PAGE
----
Thumbnail image of graphical abstract

      Gold clusters and individual atoms are seen on few-layer graphene in the scanning transmission electron microscopy high-angle annular dark-field (STEM-HAADF) image and individual atom positions are determined by the corresponding STEM bright-field image. The clusters nucleate exclusively in the hydrocarbon surface contamination. HAADF imaging is one of the most feasible methods to detect individual adatoms and impurities.

    7. Resolving In Situ Specific-Contact, Current-Crowding, and Channel Resistivity in Nanowire Devices: A Case Study with Silver Nanowires (pages 2873–2877)

      Maria M. Koleśnik, Stefan Hansel, Tarek Lutz, Niall Kinahan, Markus Boese and Vojislav Krstić

      Version of Record online: 8 SEP 2011 | DOI: 10.1002/smll.201100600

      Thumbnail image of graphical abstract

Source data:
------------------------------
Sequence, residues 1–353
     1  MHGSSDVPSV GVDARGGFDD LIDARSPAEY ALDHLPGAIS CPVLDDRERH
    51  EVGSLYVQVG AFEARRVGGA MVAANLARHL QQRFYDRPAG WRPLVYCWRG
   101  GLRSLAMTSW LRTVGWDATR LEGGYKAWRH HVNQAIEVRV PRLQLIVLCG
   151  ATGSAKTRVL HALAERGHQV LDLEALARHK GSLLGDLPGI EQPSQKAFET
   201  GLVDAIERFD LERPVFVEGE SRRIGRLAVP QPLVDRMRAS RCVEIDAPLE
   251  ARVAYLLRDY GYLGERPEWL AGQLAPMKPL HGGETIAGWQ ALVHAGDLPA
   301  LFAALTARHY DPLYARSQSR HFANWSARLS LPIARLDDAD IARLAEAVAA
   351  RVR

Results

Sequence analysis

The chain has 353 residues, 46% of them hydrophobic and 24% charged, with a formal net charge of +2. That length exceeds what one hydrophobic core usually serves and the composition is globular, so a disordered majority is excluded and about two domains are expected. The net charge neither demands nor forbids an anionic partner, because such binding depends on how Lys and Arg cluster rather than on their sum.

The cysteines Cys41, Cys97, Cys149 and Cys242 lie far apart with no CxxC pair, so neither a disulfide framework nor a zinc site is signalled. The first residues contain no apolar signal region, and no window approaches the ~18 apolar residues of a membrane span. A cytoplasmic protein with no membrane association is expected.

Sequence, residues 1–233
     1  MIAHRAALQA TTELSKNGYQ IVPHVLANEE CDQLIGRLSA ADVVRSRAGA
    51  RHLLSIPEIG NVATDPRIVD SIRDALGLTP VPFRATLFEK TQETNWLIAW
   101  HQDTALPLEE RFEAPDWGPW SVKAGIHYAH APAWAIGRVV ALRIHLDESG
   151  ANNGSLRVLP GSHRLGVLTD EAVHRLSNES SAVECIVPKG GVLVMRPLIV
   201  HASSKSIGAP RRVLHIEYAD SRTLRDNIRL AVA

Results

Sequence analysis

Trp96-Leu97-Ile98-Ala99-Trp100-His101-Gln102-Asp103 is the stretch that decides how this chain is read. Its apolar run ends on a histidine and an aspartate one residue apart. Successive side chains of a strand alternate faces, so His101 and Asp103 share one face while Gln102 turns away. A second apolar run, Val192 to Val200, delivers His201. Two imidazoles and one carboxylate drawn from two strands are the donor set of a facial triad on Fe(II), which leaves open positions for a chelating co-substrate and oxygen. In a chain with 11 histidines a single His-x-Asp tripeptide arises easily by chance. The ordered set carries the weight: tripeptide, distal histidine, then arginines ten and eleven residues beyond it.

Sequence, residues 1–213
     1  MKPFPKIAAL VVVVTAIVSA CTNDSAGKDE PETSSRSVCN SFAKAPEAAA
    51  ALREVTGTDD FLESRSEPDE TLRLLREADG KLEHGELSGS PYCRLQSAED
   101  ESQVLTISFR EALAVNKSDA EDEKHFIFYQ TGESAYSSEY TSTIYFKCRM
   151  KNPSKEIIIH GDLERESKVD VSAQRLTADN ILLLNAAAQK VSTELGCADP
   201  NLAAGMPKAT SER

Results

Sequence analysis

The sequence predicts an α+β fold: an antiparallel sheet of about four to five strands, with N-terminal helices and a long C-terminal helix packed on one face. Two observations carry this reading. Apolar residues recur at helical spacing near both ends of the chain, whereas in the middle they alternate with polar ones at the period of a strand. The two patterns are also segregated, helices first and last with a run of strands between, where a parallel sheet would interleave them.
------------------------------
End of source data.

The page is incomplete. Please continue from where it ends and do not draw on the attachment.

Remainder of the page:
Resistance contributions in a nanowire device are determined accurately. Resistance in silver nanowires, such as conduction-channel and contact resistance, including current-crowding effects, reveal both the true nanowire resistivity and the overall device performance, including dissipation and scaling potential. A comprehensive study on the device layout, the contact geometry and, most importantly, the transfer length over which charge injection between contact electrode and nanowire occurs, is performed.

  8. Frontispiece

    1. Top of page
    2. Cover Picture
    3. Inside Front Cover
    4. Contents
    5. Review
    6. Essay
    7. Frontispiece
    8. Communications
    9. Frontispiece
    10. Full Papers
    1. Doped Nanoparticles: Evidence for Fe2+ in Wurtzite Coordination: Iron Doping Stabilizes ZnO Nanoparticles (Small 20/2011) (page 2878)

      Jianping Xiao, Agnieszka Kuc, Suman Pokhrel, Marco Schowalter, Satyam Parlapalli, Andreas Rosenauer, Thomas Frauenheim, Lutz Mädler, Lars G. M. Pettersson and Thomas Heine

      Version of Record online: 12 OCT 2011 | DOI: 10.1002/smll.201190075

      Thumbnail image of graphical abstract